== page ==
We know, and we tried being as upfront and helpful about this as possible - see the below post from a bit more than a mo ago. To your direct question, pretty much here and our newsletter. Sorry if you missed this! How would you prefer being informed or getting notified about this? We can see if we can do better on our end :heart:


Repeating Dimitrie’s apology - would love to hear your feedback where else we could notify you of these changes. The Revit release notes and the linked community notice were not reaching you.

Connectors. Both core SDKs (c#\specklepy) take the translations from host app to Speckle objects and transmute that into the json that is passed to the server.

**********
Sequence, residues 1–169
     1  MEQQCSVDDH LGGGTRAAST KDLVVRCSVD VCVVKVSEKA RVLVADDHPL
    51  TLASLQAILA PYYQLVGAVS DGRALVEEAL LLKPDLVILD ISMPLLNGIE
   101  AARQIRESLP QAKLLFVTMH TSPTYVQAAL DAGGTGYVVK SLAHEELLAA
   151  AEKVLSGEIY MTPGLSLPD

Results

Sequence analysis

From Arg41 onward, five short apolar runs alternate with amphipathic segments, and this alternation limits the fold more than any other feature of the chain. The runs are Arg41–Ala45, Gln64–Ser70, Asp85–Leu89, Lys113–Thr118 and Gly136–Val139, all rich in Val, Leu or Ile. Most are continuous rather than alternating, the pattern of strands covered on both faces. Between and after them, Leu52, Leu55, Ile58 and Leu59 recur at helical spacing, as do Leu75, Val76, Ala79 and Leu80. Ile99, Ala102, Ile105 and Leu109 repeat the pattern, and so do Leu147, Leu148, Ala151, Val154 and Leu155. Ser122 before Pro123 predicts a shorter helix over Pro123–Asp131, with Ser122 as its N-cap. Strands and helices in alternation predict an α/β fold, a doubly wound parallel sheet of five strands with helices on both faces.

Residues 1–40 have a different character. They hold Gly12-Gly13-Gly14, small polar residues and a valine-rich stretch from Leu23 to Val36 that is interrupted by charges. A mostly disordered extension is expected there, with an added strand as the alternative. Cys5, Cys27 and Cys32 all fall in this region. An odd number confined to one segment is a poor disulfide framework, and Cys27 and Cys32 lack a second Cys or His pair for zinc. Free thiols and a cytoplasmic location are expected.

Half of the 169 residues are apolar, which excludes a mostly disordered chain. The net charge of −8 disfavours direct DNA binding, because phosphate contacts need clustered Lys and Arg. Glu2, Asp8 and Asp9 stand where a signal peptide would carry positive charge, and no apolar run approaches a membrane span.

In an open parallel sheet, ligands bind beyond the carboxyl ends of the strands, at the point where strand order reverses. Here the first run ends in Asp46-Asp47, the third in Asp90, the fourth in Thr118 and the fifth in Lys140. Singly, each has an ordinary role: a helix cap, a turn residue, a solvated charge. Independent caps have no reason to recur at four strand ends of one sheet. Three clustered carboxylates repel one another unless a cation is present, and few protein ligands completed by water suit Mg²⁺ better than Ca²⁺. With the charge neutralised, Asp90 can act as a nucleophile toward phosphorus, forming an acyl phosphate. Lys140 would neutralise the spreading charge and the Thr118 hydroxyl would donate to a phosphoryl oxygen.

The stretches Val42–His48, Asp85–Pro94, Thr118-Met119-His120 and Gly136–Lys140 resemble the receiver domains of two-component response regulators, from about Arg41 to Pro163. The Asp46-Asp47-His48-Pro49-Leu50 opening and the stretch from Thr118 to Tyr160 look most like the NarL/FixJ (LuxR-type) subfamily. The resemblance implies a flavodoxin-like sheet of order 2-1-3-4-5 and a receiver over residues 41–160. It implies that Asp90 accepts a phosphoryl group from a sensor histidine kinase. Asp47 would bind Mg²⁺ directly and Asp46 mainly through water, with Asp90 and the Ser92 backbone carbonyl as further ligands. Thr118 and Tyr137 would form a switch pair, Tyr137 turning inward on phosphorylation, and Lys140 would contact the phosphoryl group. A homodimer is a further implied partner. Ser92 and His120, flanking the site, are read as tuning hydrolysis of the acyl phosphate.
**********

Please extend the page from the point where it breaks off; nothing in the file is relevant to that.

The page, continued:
The server makes no changes to the data sent to it, instead it choreographs the versions to keep track of changes.

The commit version structure is also determined by the Connectors.

The unfortunate fail here is that the change was made with app developers in mind. There is now a single way to retrieve data so that your app need not know a version came from a particular authoring application.


Oh, sorry! Yeah, that’s exactly the post I shouldn’t have missed. :innocent:
And such a perfect and thorough one! Thanks!

tbh, I’m a little bit sloppy with following all the (nice) stuff going on here, but I will have a closer look now. Definitely for the breaking changes posts. (I also just discovered the breaking-change tag to filter for those :+1:)